The overnight ratings are in, and the Derby was down 13% since 2010, and viewership hit a six year low.
In other news, attendance records were set this season and the handle was up 13.2% setting another record.
How can this be? I thought television was bringing in fans, which is why our industry wrings their hands over mainstream TV time so often? We spent money on preps, so that money should've translated to TV viewers for the Big Day in big numbers, shouldn't it have?
This juxtaposition certainly doesn't fit the racing narrative.
I believe this is nothing new. It's 2012.
I wrote this last year wondering about the push on TV from racing:
I believe racing is built to market itself in the 21st century. It is
not mass, in a non-mass, niche world. It has active participants of all
"tribes", a multivariable fan base, a double pronged market (the fan and
the horseplayer/gambler), loud and proud fans on social media and
elsewhere, a foothold with the over 55 demographic with plenty of time
and money on their hands, events that almost everyone knows, and much
It is not like football or baseball, because those sports' do not make
money when we play them. Racing makes money when we play it (e.g. when
we buy a horse or bet a horse)...... spending scarce funds on the conduit of television, in my opinion, is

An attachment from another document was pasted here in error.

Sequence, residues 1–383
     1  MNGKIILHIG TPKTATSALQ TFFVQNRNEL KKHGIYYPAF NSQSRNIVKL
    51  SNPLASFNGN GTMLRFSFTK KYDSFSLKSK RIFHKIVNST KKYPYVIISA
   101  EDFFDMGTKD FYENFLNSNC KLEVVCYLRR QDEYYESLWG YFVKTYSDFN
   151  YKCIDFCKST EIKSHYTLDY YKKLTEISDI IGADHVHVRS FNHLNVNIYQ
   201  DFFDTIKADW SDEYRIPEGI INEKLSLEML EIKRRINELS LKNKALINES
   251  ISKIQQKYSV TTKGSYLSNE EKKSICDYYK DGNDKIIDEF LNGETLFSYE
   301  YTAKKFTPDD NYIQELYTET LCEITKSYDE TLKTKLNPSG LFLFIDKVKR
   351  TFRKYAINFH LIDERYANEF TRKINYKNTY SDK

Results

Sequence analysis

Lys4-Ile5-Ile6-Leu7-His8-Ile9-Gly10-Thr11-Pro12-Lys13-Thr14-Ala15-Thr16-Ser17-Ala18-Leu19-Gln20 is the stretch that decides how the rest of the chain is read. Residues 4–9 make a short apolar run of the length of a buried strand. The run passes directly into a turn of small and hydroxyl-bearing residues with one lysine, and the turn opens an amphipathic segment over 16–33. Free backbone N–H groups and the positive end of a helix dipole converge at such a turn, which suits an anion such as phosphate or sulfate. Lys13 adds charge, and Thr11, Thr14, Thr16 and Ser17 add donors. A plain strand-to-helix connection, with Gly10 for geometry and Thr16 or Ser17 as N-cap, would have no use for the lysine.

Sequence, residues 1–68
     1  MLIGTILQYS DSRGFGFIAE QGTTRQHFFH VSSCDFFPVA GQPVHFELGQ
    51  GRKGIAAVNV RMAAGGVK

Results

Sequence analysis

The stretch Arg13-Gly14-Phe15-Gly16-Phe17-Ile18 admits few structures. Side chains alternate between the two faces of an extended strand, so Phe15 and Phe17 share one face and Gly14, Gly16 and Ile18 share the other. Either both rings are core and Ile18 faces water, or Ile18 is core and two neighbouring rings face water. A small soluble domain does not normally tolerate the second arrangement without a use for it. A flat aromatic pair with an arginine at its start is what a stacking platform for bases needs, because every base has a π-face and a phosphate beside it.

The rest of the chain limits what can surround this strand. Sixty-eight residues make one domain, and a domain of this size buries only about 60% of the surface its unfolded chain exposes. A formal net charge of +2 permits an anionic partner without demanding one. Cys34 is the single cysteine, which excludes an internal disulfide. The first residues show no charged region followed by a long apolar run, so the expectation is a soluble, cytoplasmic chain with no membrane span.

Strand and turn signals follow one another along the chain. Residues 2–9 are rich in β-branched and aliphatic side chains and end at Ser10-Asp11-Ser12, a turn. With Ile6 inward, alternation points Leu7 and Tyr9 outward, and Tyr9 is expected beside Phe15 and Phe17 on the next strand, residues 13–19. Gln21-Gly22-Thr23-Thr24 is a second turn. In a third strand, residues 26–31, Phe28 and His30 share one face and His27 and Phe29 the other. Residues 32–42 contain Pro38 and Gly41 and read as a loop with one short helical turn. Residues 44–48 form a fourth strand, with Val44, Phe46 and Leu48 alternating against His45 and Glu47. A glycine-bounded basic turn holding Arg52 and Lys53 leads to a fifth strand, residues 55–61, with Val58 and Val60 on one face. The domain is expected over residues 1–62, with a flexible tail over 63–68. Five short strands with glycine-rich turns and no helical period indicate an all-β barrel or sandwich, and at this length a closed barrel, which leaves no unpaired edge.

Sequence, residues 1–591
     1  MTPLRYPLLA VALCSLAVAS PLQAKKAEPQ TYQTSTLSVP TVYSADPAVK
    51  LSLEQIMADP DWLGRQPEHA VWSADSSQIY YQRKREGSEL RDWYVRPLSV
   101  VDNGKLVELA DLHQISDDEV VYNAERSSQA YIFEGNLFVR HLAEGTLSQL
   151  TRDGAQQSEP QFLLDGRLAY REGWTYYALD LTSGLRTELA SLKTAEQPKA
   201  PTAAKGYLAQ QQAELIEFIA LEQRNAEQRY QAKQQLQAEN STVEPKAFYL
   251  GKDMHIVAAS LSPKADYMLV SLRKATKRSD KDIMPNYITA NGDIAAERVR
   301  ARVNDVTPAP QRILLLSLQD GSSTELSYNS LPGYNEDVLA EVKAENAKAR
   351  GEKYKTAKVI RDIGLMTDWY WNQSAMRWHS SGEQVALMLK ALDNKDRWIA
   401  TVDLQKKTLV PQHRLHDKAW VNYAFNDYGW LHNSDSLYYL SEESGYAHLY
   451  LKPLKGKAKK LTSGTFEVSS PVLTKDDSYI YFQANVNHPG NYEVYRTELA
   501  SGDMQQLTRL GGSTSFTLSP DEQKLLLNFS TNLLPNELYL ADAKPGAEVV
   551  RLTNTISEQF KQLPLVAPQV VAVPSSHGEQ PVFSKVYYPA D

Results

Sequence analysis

putting the cart before the horse. We need to find a way to present
racing that sticks with new viewers, and gets them to participate in the
racing conversation, in some way, with us.
I think we are seeing that work right before our eyes, and it really didn't cost us very much at all.
This week on social media, the Derby was everywhere. There were people participating in the conversation. There were free past performances, there were good bets and deep fields, there were free replays on youtube of preps (remember when we used to hide those so often due to "copyright", like anyone cared?).
What about ADW's? If you read the mainstream horsemen press you'd think they are the devil. I counted several promoting the hell out of the race, offering most of their share of the rake to players as cash back. It's a shame Churchill Downs Inc seems to be in protection mode with some of these by not filtering out their signal to all.
There was a buzz about the Derby - virtually everywhere - and it was infectious. You couldn't help but join in.
Via Social Mention yesterday, even after the Derby was complete, here were some numbers.
The passion and sentiment numbers are superb - greater than NHL hockey - and the reach numbers are on par with major sporting events.
That represents a 633% year over year growth.
Mentions were up, buzz was up, handle was up, attendance was up, news items were up, searches on the web (with preliminary numbers) were up.
......but TV ratings were down.
I didn't think TV was the strategic answer for this sport for a long while. And I sure don't think so now, as I see these numbers. I believe we can pivot strategy easily with our scarce dollars, and I think we should.
Related: Social Media Stats for the 2012 Kentucky Derby (h/t to Thorotrends)